Alex Kolomoisky/AP
Israeli Prime Minister Benjamin

Netanyahu Address Satisfies White House But Few Others

June 15, 2009 05:00 PM
by Liz Colville
Prime Minister Benjamin Netanyahu’s address was an “important step forward,” President Obama said, but other reactions suggest that Israel and Palestine may still be far from a formal two-state agreement.

Speech Leaves Several Old Issues Up for Debate

In a recent address at Bar-Ilan University, Prime Minister Netanyahu, the leader of Israel’s conservative Likud party, effectively “endorsed an independent Palestinian state,” The Associated Press reported, but said it “would have to be unarmed and recognize Israel as the Jewish state.” This would essentially result in Palestinian refugees “giving up the goal of returning to Israel,” AP added.

Netanyahu’s words were seen as a response to President Barack Obama’s June 4 address in Cairo, Egypt, which focused on the conflict between Israel and Palestine. Obama called for the creation of a Palestinian state and an end to the construction of Jewish settlements in the West Bank, the BBC reported.

Netanyahu addressed three issues in his speech, available via Israeli newspaper Haaretz: the global economic crisis, Iran’s election and “the promotion of peace,” Haaretz reported. “I appeal tonight to the leaders of the Arab countries and say: Let us meet,” Netanyahu said. “Let us talk about peace. Let us make peace. I am willing to meet at any time, at any place, in Damascus, in Riyadh, in Beirut, and in Jerusalem as well.”
Netanyahu appealed to the Arab world, emphasizing partnership and collaboration in the Middle East in order to “to give the economy a jump-start.”

“Israel is committed to international agreements,” he went on, “and expects all sides to fulfill their obligations.” He also called on the Palestinian Authority to “overcome” Hamas.

But “given the caveats”—a demilitarized Palestine state, recognition of Israel as the Jewish state and continued Jewish settlements in the West Bank—the speech “was immediately rejected as a nonstarter by Palestinians,” The New York Times reported.

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Reactions: Many objections to Netanyahu’s speech

Netanyahu’s speech marked “a dramatic transformation for a man raised on a fiercely nationalistic ideology and who has spent a two-decade political career criticizing peace efforts,” the AP reported. But Palestinian responses to the address were not as optimistic.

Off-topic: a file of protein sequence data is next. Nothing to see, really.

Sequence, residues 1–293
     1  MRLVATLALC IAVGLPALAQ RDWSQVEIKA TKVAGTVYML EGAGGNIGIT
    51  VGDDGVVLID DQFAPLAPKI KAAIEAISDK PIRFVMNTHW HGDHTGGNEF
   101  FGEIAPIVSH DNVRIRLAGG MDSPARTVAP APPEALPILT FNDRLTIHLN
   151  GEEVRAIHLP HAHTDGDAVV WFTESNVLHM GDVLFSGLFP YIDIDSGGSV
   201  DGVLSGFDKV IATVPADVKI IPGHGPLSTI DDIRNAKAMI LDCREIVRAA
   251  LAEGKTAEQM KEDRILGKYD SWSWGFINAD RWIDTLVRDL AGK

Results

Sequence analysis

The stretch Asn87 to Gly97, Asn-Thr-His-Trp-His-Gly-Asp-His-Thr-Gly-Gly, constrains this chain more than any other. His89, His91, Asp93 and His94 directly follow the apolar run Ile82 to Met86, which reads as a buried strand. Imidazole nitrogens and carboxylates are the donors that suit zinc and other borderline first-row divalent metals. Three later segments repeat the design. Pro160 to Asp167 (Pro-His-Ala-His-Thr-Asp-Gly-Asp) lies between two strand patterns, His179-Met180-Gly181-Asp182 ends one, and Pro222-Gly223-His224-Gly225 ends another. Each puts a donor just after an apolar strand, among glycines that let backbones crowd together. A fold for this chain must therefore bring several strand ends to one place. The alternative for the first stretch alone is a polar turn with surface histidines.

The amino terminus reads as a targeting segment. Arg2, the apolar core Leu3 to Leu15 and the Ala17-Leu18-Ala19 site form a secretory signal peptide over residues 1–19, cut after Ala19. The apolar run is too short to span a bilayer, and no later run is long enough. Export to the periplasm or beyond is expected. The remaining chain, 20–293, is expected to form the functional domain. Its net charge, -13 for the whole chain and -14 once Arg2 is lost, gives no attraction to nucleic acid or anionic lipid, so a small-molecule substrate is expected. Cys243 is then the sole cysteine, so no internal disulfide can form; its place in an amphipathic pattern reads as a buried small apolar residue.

The speech “torpedoes all peace initiatives in the region,” Nabil Abu Rdainah, a spokesman for Palestinian Authority President Mahmoud Abbas, told the BBC.

Hamas went further, saying the speech represented Netanyahu’s “racist and extremist ideology,” the BBC added. The Israeli prime minister’s requests “make the peace offered to the Palestinians ‘peace of slaves’ and their state an ‘Israeli colony,’” Hamas was quoted as saying by The Palestinian Information Center, a news site.

The White House’s reaction to the speech was “positive, if limited,” The New York Times wrote, calling it “the important step forward” for Netanyahu.

“Palestinian negotiators have long refused to recognize Israel as a Jewish state,” The Times explained, “contending that it would prejudge the refugees’ demand for a right of return and would be detrimental to the status of Israel’s Arab minority.” The Times added that the speech was “rich in Zionist rhetoric and seemed aimed as much at Israelis as at the Obama administration.”

Endorsements from the United States, European Union and Yesha Council, which represents Jewish settlements in the West Bank, came in following the speech, Times Online of London reported. But even Israeli commentators “poured scorn on Mr Netanyahu’s speech.”

In the Israeli newspaper Maariv, Ofer Shelah was quoted by Times Online as saying: “With tight lips, as if being forced by the president of the United States, Binyamin Netanyahu succeeded in saying that if and when and maybe and perhaps, he would be willing for there to be something obvious, something that Israel signed on to long ago and that he himself adopted 13 years ago.”

But Netanyahu’s speech “was less about pursuing Arab-Israeli peace and much more about pursuing the U.S.-Israeli relationship,” said Aaron David Miller in an interview with the Council on Foreign Relations. “It's part of a tick-tock in an ongoing test of wills between President Obama, ‘Mr. Yes We Can,’ and the prime minister, ‘Mr. No You Won't.’”

Background: President Obama’s Cairo speech and reactions

President Obama’s June 4 speech in Cairo briefed the Muslim world on his administration’s stance on several key issues. On the subject of Israel and Palestine, he conveyed his wish for a Palestinian state and an end to Israeli settlements in the West Bank region.

“Hamas does have support among some Palestinians, but they also have responsibilities,” he said of the militant group that currently controls the Gaza Strip. “To play a role in fulfilling Palestinian aspirations, and to unify the Palestinian people, Hamas must put an end to violence, recognize past agreements, and recognize Israel's right to exist.” Read the full speech or watch the video via The Huffington Post.

The AP reported on some reactions to Obama’s speech, pointing out that one Israeli government official “said the speech could have been worse for Israel, while a settler spokeswoman called Obama naive and out of touch with reality. A dovish lawmaker said the speech created an important opportunity for peace.”

“The state of Israel isn't against reconciliation," Danny Seaman, the director of Israel's Government Press Office, was quoted as saying by the AP. But Seaman “warned against any moves that could ‘be used by the extremists to endanger Israel and endanger the peace process.’”

Reference: Web Guide to the Israel Palestine Conflict


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